March is National Nutrition Month! The food we eat on a daily basis affects how our bodies work, how we heal and grow, and how we maintain energy and strength. It also affects other things as well, like our fertility. Usually, our eating and lifestyle habits only affect ourselves. However, pregnancy is the one time in your life when your eating habits directly affect another person. So to give our developing children the healthiest start to life, we need to be conscious of what we are putting into our bodies during pregnancy.
It is advised that pregnant women need about 300 extra calories a day during the second and third trimesters to accommodate the growing baby. But this doesn’t mean changing your order from a small fry to a large fry at a restaurant is going to cut it (even though those pregnancy cravings say it will!). Babies need nutrient packed foods in order to grow and develop properly. Here are some of the essential food groups and nutrients for pregnancy:
- Protein – Protein aids in the growth of fetal tissue, especially the brain. It also helps you with uterine tissue growth and increasing your body’s blood supply. Protein sources included meats, nuts, fully cooked fish, legumes, and eggs.
- Folate – This is probably the most important nutrient you need to have during pregnancy. Folate (or folic acid) plays a major role in reducing the risk of neural tube defects in your baby, like spina bifida. Many foods in the United States today are fortified with folic acid to reduce this risk. Folate sources include leafy greens, fruit, whole grains, and legumes.
- Calcium – This nutrient helps build baby’s bones and teeth! Sources of calcium include milk (including almond milk), yogurt, eggs, and pasteurized cheese.
- Iron – Iron helps increase your blood volume during pregnancy. Sources of iron include green leafy vegetables, whole grains, and lean protein.
- Vitamin C – Vitamin C helps teeth and bone development and metabolic processes in your baby. Fruit has great sources of vitamin C!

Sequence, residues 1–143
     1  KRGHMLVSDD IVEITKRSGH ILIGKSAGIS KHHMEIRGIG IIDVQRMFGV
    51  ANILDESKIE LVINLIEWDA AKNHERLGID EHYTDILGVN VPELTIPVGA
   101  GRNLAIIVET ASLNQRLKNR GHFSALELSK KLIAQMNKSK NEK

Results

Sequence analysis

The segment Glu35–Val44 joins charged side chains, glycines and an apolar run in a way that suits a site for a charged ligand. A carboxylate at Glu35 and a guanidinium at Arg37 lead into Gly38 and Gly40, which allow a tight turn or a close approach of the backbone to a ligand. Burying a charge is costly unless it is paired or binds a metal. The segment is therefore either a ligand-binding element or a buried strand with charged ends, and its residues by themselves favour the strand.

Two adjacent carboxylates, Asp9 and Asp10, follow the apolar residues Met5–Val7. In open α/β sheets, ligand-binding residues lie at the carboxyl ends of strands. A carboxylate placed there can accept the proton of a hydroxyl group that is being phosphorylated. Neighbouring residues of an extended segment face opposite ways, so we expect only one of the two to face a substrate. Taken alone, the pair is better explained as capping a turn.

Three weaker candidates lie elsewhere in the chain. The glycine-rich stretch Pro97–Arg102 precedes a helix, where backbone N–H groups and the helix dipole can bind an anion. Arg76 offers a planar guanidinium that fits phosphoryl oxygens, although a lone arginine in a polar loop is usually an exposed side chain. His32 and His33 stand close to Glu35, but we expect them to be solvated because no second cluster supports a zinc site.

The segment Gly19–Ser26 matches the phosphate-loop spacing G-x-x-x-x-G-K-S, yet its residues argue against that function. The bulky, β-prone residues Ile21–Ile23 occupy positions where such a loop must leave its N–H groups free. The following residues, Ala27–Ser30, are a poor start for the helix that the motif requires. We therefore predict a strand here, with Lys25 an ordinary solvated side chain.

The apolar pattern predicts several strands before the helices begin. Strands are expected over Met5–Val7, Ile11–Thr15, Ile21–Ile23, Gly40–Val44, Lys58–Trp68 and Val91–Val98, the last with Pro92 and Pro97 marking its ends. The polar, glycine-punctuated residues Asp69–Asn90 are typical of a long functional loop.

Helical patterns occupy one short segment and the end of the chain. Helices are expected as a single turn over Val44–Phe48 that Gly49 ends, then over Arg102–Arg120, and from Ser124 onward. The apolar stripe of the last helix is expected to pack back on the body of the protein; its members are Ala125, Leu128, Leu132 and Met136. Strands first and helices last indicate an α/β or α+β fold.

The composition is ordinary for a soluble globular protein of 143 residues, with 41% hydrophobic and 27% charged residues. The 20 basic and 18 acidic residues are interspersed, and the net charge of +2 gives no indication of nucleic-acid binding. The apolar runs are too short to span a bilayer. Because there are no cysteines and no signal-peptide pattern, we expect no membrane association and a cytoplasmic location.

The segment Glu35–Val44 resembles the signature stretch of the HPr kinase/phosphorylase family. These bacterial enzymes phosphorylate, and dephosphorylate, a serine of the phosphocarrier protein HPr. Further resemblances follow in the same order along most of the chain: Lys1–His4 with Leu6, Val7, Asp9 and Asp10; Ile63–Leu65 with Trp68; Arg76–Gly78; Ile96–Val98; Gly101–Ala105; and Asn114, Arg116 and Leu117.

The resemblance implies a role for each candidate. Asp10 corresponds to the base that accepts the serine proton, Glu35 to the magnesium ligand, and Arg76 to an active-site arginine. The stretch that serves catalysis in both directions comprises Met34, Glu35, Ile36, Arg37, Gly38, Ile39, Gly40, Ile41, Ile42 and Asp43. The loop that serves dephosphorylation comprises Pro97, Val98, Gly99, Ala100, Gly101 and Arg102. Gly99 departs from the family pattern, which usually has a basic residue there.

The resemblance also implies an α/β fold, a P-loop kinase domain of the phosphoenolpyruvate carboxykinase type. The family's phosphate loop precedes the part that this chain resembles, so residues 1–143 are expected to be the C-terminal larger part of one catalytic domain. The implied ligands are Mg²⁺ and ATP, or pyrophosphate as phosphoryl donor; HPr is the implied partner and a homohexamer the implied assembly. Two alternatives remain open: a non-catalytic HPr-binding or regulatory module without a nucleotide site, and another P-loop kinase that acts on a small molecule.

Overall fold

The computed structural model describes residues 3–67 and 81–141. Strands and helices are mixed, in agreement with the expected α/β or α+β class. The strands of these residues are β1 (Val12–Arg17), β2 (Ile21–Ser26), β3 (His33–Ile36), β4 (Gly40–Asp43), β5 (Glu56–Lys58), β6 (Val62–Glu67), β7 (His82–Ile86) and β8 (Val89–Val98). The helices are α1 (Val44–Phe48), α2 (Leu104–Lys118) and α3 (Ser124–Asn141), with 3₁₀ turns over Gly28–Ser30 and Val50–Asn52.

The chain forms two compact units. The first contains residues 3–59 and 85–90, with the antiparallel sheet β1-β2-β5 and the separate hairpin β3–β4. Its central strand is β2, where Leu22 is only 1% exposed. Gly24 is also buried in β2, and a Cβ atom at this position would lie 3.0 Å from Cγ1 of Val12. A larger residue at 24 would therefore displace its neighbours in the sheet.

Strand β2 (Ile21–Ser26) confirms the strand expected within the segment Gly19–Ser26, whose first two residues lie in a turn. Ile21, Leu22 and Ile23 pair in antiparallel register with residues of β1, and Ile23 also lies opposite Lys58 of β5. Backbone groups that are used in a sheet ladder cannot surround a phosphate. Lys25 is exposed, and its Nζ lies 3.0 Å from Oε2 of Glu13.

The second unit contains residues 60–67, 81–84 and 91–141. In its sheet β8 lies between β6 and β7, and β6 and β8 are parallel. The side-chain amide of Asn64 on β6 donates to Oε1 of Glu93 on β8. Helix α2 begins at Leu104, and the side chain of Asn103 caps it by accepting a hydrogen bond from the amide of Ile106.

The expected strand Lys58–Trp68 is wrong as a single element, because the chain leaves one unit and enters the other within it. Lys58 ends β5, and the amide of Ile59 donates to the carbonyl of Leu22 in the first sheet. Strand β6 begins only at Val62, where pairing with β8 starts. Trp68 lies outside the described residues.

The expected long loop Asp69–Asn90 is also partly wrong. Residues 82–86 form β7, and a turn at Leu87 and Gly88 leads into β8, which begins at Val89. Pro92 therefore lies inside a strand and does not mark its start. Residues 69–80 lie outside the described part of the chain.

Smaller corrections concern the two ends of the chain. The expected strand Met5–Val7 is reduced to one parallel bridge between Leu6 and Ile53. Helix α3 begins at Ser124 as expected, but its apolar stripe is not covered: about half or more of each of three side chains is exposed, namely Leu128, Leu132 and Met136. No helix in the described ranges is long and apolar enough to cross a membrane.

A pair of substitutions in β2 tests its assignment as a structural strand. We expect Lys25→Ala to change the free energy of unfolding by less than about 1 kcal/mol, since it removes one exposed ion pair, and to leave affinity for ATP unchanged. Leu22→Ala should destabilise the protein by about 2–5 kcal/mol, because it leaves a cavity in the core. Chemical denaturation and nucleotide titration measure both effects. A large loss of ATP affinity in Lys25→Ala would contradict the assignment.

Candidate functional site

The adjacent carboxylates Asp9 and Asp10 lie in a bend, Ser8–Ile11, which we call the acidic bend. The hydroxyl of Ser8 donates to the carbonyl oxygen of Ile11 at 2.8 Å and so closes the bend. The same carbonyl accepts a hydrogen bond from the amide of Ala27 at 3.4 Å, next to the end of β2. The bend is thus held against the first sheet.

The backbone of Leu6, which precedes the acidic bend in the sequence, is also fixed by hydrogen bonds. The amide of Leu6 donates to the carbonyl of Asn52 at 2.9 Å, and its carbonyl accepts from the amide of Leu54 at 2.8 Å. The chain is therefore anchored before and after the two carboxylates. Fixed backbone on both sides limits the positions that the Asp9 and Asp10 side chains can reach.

So many choices for nutrition! However, be aware, there are some foods pregnant women should completely avoid during pregnancy, even if they are nutrient packed. They could cause harm to the developing baby. Here are examples of good you should avoid or limit:
- High-Mercury Fish – This is a common food pregnant women need to avoid. Mercury is highly toxic and larger fish accumulate this element in polluted water. High-mercury fish include shark, swordfish, king mackerel, and white albacore tuna. However, shrimp, salmon, and canned chuck light tuna are okay in small amounts (1-2 servings a week).
- Raw or Undercooked Fish & Meat – Yes, this includes sushi. Raw fish can contain several disease causing bacteria and parasites including toxoplasma, salmonella, E. coli, and listeria. Consuming contaminated raw or undercooked meat and fish could lead to still birth or severe neurological illnesses.
- Caffeine – It seems that caffeine is found in every beverage except water nowadays! Pregnant women are advised to limit their caffeine intake to less than 200mg per day (or about 2-3 cups of coffee). Studies have shown that high intake of caffeine during pregnancy can restrict fetal growth and lead to low birth weights. However, these studies are not conclusive, so it’s okay to have at least one cup of coffee a day.
- Unpasteurized Milk and Cheese – Like raw meats and fish, unpasteurized milk and cheese could contain harmful bacteria like listeria. Pasteurization is the most effective way to kill harmful bacteria, without changing the nutritional value of the products.
- Alcohol – Consuming alcohol during pregnancy increases the risk of miscarriage and stillbirth. It can also lead to fetal alcohol syndrome, which includes heart defects, mental deficiencies, and facial deformities. It is advised that all pregnant women avoid alcohol altogether.
Your health and that of your unborn child should come first when thinking about the foods you eat during pregnancy. Did you know embryo adoption allows you to control the pre-natal environment of your adopted child? For more information, visit EmbryoAdoption.org.